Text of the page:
Evaluating Social Interaction and Support Methods over Time

Evaluating Social Interaction and Support Methods over Time

Birgitta Maria Kopp (Ludwig-Maximilians-University, Germany)
DOI: 10.4018/978-1-4666-8619-9.ch058
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Abstract

This research focuses on the evaluation of social interaction and support methods for computer-supported collaborative learning over the period of one semester. Specifically, there are three main topics for investigation: first, the subjective evaluation of social interaction and support methods, second, the students' perceptions of these over time, and third, the correlations between social interaction and support methods. Results indicate a specific pattern regarding important aspects of social interaction indicating possible problems in group dynamics (especially relating to taking responsibility). This evaluation pattern remains nearly constant over time. Furthermore, correlation analyses show strong connections between the design of group work and group dynamics, indicating a positive influence of support methods on problematic dimensions of social interaction. As this relation is strongest during the middle phase of collaboration, this study gives a first indication that also CSCL groups may go through the storming and norming stage of collaboration. These findings substantiate the necessity of providing support for computer-based learning.
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Introduction

This research study focuses on three main aspects: (1) The learners’ subjective perception of their social interaction and support methods, (2) learner’s perceptions of these over a period of time, and (3) the correlations between social interaction and support methods.

Computer-supported collaborative learning (CSCL) is currently implemented in different kinds of education because educators are convinced that such environments allow learners to learn more deeply and meaningfully (Kirschner & Erkens, 2013). CSCL research has also shown that virtual collaborative learning must be supported to provide effective learning in terms of knowledge construction (Pozzi & Persico, 2011). But even when supported, it is not guaranteed that learners who are placed in groups without knowing each other are able to engage in the relevant activities for learning (Lou, Abrami, & d’Apollonia, 2001), for achieving positive learning outcomes (Beers, 2005), or for solving tasks together. One key pre-condition for such positive effects lies in the learners’ ability to function as team (Kirschner & Erkens, 2013) which implies that learners know each other and specifically draw upon their varied knowledge, information and experiences (Moreland, 1999). Furthermore, “students need to trust each other, feel a sense of warmth and belonging, and feel close to each other before they will engage willfully in collaboration” (Kreijns, Kirschner, & Jochems, 2003). In ad-hoc learning groups, this is often not the case. Therefore, it is of interest to research how learners themselves perceive their learning group in terms of the relevant dimensions of social interaction. This is an issue which has not yet been the subject of investigation.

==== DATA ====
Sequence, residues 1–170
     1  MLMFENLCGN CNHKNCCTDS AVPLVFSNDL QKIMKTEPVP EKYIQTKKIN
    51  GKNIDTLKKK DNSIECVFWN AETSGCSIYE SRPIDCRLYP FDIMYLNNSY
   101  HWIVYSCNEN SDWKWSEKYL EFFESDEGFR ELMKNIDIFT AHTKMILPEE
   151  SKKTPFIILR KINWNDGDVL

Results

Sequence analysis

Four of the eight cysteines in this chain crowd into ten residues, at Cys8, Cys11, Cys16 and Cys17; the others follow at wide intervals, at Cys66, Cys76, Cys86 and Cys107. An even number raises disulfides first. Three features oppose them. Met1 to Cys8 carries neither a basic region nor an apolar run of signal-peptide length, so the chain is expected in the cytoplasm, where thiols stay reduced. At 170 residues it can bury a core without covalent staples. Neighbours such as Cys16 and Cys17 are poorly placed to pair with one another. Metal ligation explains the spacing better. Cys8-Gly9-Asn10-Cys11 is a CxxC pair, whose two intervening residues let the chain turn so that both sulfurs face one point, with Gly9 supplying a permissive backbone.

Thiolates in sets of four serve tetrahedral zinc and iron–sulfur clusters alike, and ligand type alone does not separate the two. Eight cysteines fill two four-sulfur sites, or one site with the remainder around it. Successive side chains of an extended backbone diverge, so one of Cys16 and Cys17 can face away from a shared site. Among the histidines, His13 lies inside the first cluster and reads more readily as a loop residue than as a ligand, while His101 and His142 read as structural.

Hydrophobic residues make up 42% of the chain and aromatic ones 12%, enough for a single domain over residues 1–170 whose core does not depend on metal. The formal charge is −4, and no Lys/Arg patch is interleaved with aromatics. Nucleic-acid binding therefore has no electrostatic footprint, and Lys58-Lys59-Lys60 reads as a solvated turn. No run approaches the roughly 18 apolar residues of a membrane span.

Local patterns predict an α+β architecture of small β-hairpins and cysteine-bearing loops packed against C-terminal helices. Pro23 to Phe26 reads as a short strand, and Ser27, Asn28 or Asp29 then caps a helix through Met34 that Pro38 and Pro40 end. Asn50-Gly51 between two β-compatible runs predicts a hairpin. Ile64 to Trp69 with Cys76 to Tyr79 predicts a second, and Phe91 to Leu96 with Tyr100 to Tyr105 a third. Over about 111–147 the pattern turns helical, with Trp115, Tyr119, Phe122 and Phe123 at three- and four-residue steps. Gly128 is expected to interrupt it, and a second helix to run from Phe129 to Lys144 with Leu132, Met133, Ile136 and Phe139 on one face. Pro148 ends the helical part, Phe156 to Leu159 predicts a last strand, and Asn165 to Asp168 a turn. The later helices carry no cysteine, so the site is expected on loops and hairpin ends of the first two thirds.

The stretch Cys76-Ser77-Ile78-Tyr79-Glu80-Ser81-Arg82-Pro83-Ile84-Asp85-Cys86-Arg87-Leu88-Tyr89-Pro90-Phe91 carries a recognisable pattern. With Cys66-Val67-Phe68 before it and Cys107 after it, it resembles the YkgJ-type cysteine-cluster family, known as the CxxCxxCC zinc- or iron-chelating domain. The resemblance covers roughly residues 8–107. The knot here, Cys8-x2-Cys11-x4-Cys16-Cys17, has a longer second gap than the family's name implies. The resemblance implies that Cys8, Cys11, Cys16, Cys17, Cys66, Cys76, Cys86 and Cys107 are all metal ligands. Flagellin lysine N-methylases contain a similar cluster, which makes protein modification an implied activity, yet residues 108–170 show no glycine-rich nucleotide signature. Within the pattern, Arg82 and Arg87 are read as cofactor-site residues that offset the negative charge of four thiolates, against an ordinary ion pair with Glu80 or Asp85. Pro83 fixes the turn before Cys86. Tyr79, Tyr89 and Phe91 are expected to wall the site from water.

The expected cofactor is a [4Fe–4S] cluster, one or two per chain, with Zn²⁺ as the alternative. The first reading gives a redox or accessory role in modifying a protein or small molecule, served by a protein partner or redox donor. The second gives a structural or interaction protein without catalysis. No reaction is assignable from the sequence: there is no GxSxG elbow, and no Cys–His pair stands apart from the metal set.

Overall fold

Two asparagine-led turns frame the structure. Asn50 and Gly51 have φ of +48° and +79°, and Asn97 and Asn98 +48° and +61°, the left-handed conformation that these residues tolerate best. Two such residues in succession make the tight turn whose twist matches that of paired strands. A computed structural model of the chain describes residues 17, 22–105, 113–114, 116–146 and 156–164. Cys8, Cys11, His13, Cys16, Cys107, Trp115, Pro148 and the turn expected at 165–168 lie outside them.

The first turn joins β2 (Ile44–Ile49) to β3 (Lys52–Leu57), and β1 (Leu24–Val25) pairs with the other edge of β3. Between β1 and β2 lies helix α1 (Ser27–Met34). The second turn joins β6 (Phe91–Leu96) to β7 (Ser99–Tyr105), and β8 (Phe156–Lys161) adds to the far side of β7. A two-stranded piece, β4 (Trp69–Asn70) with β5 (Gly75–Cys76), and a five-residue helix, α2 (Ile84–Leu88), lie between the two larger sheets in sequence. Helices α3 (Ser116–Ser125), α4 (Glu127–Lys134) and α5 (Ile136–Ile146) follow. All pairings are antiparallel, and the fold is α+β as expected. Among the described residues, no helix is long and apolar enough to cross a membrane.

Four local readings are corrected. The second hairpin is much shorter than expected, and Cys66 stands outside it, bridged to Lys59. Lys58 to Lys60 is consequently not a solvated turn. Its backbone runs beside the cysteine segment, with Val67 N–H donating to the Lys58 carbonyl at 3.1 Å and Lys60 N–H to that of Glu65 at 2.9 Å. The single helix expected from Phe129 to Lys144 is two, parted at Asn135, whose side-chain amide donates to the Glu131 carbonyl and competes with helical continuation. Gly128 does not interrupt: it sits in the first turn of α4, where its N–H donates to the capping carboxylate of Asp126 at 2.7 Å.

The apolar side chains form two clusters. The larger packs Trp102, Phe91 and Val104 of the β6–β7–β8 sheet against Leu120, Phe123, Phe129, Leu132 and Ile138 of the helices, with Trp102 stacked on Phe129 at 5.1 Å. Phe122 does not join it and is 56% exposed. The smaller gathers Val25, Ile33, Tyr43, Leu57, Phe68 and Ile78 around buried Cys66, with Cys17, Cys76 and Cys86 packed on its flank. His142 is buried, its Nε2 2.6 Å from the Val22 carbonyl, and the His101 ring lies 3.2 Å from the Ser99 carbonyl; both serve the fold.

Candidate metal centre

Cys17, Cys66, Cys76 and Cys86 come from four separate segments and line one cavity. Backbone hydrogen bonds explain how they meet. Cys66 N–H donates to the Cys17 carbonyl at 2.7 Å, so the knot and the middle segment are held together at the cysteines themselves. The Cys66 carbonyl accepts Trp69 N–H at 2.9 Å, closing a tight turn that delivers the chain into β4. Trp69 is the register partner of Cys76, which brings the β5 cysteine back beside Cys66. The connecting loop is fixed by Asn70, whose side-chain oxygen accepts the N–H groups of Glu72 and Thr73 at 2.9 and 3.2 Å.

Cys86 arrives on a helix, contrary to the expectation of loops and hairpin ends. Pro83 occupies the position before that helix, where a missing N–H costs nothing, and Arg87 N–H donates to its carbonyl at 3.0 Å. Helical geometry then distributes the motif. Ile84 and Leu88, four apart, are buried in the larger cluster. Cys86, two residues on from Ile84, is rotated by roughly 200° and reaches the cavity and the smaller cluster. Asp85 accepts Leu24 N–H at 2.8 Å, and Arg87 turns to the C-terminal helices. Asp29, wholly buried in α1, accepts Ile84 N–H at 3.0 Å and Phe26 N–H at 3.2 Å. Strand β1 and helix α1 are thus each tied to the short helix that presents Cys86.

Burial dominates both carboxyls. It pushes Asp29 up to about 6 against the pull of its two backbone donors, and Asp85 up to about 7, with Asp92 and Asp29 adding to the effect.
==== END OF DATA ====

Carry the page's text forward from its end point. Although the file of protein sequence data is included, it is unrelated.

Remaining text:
As support is necessary for fostering the learning process as well as learners’ collaborative and individual performance (Kopp & Mandl, 2011a), it is also important to investigate how learners themselves evaluate these support methods. The specific question arises whether learners perceive the support methods as effective for fostering their social interaction and their ability to complete the task at hand.

The next interesting aspect is the development of groups over a period of time. In CSCL research, the premise is that learners function as teams, e.g. “that they trust one another in the team to do what has been agreed upon, know one another’s weak and strong points and make use of them, share similar norms for working and goals of the teamwork, and so on.” (Kirschner & Erkens, 2013, p. 2). But developing as a team takes time and often there is neither time nor adequate conditions for teams to develop from an ad hoc group to a functioning team. Even though there is a new model for ad hoc learning-team development (Fransen, Weinberger, & Kirschner, 2013), there is no research that evaluates the changes in the development of social interaction. There have mainly been quantitative studies analyzing the learners’ contributions in order to gain further insights into cognitive group processes. Thus, this research also focuses on the development of the perception of social interaction and of support methods over a period of time.

The third issue concerns the interrelationship between social interaction and support methods. To act as a team, it is necessary to plan and coordinate group activities, to keep to a schedule, to work jointly on the group goal, etc. In CSCL environments, support methods are implemented in order to foster such team-building processes and thus improve group dynamics. Various studies in the laboratory and in the field have focused specifically on whether there are differences between learners with support versus learners without support (Kopp & Mandl, 2011b). But research has not yet shown whether there are correlations between support methods and social interaction from the learner’s point of view.

In the following three subsections, we describe the theoretical background of the three main purposes of the study in more detail.

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